Everybody’s talking about the Millennium Development Goals (MDGs). Resolutions, reports, declarations – rhetoric from all sides, including the foundation world. The European Foundation Centre (EFC), for one, has expressed its support for the MDGs on a number of occasions over the past two years. But, as everyone knows, talk is cheap. Meeting the MDGs, by contrast, will involve vast sums of money.
Is there anything beyond the rhetoric? And in view of the scale of resources involved, can foundations serve any useful purpose in respect of the MDGs? Should they not rather leave the field to governments and multilaterals? ‘Yes’, ‘yes’ and ‘no’, respectively, says Rien van Gendt of the Van Leer Group Foundation. Alliance asked him why, and what, in his view, foundations ought to be doing.
The flow of words has certainly been impressive. In May 2003, the EFC’s International Committee issued a declaration expressing their intention ‘to play an increasing and effective role in delivering The Goals set out by the Secretary General of the United Nations at The Millennium’. The latest issue of the EFC’s newsletter EFC Newsline uses the expression ‘working within the framework of the MDGs’ three times on the first page. As Chairman of the International Committee, van Gendt was instrumental in forming the EFC’s declared commitment – ‘though I’m not generally much in favour of declarations’.
Clearly, though, it’s one thing to say and another to do. How helpful are public statements? If declarations remain simply as rhetoric, he acknowledges, then obviously they would not be useful, but ‘there are some concrete activities taking place that are worthwhile’. He gives as an instance the meeting that foundations had following the World Economic Forum to discuss what foundations were already doing with respect to the MDGs and what else they could do. ‘If foundations are prepared to put their work in the framework of the MDGs and then establish relationships with UN organizations, that is relevant for the UN and for those foundations.’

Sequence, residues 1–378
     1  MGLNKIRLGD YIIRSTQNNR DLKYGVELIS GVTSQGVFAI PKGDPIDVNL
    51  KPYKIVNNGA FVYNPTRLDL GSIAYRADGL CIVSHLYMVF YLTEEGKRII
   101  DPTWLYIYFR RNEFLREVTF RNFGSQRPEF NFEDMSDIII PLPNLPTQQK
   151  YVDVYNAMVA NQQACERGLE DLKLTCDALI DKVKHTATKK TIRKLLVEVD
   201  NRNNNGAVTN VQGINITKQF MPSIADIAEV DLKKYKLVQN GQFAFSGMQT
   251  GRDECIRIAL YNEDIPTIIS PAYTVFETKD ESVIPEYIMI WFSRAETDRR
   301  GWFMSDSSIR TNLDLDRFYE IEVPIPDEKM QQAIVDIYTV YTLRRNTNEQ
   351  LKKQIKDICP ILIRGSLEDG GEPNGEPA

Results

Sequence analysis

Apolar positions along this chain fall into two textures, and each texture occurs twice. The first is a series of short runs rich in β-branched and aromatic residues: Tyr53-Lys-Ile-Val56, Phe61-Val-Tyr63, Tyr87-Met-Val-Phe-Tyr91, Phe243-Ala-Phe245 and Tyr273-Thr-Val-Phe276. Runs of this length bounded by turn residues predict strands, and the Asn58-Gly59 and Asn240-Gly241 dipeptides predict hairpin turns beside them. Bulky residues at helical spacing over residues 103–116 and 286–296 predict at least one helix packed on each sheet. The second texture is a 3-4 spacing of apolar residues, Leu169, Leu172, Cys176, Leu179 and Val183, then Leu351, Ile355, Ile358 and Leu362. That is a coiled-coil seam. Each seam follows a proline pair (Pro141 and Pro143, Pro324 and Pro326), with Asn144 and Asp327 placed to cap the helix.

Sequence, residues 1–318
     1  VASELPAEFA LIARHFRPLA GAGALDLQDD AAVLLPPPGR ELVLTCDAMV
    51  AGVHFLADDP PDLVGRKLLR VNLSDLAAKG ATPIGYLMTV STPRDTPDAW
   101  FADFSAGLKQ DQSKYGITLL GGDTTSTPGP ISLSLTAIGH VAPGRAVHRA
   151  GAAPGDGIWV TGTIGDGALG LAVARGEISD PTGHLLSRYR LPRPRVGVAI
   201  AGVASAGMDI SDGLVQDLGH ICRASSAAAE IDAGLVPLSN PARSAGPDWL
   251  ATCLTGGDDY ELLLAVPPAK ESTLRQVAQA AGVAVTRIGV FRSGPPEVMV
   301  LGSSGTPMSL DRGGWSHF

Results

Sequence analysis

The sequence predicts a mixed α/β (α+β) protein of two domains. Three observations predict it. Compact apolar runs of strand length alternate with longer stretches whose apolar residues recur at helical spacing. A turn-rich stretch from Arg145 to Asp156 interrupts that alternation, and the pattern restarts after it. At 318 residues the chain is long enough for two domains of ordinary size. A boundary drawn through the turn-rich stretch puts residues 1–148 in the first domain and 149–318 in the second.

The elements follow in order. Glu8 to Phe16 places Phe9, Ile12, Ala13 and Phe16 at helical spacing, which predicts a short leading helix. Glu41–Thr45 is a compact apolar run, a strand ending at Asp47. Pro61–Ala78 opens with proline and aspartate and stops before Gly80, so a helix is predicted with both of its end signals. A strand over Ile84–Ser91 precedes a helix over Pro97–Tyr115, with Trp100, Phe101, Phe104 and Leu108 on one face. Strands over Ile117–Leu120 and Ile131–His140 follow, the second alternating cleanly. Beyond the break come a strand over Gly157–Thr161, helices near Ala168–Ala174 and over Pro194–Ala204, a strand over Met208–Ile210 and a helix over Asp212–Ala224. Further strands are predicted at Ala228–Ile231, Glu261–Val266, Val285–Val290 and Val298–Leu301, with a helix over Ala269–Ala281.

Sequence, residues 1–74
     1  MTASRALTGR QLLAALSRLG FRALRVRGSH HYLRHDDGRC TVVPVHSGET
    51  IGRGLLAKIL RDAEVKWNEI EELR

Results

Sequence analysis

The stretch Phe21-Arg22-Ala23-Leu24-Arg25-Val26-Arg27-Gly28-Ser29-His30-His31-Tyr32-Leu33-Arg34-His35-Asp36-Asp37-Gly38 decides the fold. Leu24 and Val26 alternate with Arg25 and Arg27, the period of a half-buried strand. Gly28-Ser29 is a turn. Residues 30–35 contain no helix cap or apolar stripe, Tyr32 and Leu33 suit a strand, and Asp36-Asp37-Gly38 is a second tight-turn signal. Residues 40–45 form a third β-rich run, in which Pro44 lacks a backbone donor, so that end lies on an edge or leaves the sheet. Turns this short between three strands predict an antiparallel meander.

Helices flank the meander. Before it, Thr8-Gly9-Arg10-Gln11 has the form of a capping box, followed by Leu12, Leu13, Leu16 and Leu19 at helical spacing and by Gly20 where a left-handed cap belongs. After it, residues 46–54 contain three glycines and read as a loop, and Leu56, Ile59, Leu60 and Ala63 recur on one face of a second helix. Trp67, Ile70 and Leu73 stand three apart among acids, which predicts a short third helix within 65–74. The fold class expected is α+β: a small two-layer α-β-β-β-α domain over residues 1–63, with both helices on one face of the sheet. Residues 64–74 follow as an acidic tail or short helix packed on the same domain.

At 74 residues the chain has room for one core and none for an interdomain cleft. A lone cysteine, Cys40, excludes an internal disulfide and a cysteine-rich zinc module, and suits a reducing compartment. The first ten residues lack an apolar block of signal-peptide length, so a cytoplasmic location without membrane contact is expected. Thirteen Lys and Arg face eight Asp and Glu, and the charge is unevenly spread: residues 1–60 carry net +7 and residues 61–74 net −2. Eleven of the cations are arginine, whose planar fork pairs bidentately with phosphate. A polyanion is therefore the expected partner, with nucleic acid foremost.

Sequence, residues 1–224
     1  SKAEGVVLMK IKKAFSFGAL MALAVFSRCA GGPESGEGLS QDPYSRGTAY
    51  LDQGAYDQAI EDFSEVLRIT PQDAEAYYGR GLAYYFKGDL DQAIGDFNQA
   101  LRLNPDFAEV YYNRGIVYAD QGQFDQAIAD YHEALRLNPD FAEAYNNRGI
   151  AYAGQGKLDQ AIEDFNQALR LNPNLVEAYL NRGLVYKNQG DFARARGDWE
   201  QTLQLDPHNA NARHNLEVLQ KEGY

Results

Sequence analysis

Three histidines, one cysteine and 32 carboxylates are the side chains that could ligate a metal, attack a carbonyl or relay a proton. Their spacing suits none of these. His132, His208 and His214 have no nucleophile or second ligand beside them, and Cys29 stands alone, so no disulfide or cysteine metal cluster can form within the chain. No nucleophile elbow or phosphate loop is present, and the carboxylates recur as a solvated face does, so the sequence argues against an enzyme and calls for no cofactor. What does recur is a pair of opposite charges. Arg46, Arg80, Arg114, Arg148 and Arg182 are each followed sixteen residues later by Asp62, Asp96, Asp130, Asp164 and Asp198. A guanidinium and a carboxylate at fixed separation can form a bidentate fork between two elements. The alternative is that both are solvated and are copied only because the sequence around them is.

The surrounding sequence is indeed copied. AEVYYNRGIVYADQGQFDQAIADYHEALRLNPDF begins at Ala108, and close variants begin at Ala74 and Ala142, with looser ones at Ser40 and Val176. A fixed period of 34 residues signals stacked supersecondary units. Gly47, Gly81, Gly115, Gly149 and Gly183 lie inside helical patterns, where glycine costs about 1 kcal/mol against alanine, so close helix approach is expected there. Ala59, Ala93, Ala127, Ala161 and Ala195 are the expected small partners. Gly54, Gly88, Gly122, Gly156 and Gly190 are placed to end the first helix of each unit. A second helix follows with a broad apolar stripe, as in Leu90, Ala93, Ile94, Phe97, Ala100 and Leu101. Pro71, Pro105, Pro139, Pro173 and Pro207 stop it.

Warts and all
He readily admits that the MDGs themselves are far from perfect. One of his grounds for criticism is what he describes as their ‘reductionist approach’. ‘What is not mentioned is not seen as important.’ He gives the example of early childhood development – the focus of the Bernard van Leer Foundation’s (BvLF’s) work. Primary education for all is one of the MDGs but it is seen mainly in terms of formal schooling, ‘so we still have to make the case constantly that learning starts at birth’. In general, it is in the nature of the MDGs to see child welfare in terms of things that can be reduced to statistics, whereas BvLF is not looking so much at ‘issues like mortality or malnutrition, we are more looking at potential, resilience, strength. That’s difficult to cast in the Millennium Development Goals.’
The MDGs also bring too much emphasis on simple fulfilment of what are after all meant to be minimal targets. ‘The danger always is that people feel that that’s it. The same thing can be said of regulations: we try to comply, and then we feel that we are there, and we lose sight of performance.’
Another criticism he has is that ‘you can reach the Millennium Development Goals and still miss out on the poorest people’ because disparity issues are not being addressed. These criticisms notwithstanding, he feels that foundations should get behind the MDGs. But they should also be critical, ‘speaking out on them and at the same time seeing how they can serve us in pursuing our objectives’.
Where foundations come in
Not all foundations would agree with embracing the MDGs. Leaving aside the question of their ‘reductionist’ approach, some feel that they are simply irrelevant to their work. Van Gendt produces a number of reasons for disagreeing. He concedes that as far as material resources go, governments and multilaterals have to be the main contributors. ‘Too often we are approached because there are funding possibilities.’ Given the scale that achievement of the MDGs demands, foundation resources are insignificant – with perhaps one notable exception. ‘The Gates Foundation has such significant resources that it can play a role like the government.’